As Kenneth Macintosh has just reminded us, the bill has its genesis in the recommendations of Sir Michael Bichard's report on the murder of Holly Wells and Jessica Chapman by their school caretaker, Ian Huntly. The photograph of Holly and Jessica, smiling into the camera and wearing their Manchester United football tops, is an enduring image that should haunt us all. In a sense, their smiles are a reproach to us, because the system failed to protect them.
Nearer to home, we can reflect on the murder 11 years ago of 15 little children and their teacher, Mrs Mayor, at Dunblane primary school. The anniversary of that event falls next week. We recall not only that their murderer, Thomas Hamilton, was possessed of an array of legally held weapons, but that he was a man who worked with children and young people in a voluntary capacity over a long period. His conduct in that capacity had been a concern to a number of parents and others who came into contact with him, although no one could have predicted the murderous outcome.
As a result of such tragic events, we commission inquiries that produce recommendations and we enact laws, because we feel our failures acutely. We want to protect our children and other vulnerable people and, because we cannot legislate evil in our society out of existence, we have recourse to laws, regulations and government agencies to try to achieve that objective. For that reason, we pass laws on gun control, security in schools and, today, disclosure and vetting procedures for those who work with children and other vulnerable people.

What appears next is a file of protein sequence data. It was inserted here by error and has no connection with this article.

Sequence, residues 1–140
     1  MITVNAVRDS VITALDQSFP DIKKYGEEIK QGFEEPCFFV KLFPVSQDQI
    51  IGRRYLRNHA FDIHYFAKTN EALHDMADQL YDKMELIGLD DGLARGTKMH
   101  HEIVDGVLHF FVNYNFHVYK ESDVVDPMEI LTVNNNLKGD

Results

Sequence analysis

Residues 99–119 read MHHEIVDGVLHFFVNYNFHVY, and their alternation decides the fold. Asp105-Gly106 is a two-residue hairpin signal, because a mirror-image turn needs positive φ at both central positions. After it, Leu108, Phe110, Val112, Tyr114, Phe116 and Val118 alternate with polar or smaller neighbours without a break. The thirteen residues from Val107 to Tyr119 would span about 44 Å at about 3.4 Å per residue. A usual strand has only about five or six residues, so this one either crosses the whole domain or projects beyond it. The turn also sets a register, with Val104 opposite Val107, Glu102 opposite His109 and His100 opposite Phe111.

Although we are driven by a determination to try to make amends and to close perceived gaps in our laws, a strong and welcome sense of realism has run through consideration of the bill. There is recognition that we cannot protect our children from all the evils and risks in this world, and that they cannot be wrapped in cotton wool if they are to grow into independent, mature adults who are capable of making sound judgments for themselves.
I support the bill but, like many other members, I do so with a concern for the proportionality of our response and its implications for civil liberties and with a desire that the hundreds of thousands of dedicated, committed people in Scotland who work with children and vulnerable adults in a professional or voluntary capacity be judged fairly and not damned by false accusation or malicious innuendo.
At the end of the day, we have no option but to pass the bill, but we should do so with heavy hearts, reflecting on the need for such a measure and what our society has come to. As I said in the stage 1 debate, Parliament and the Executive should keep the operation of the new legislation under close scrutiny, to determine whether we have got the balance right after all.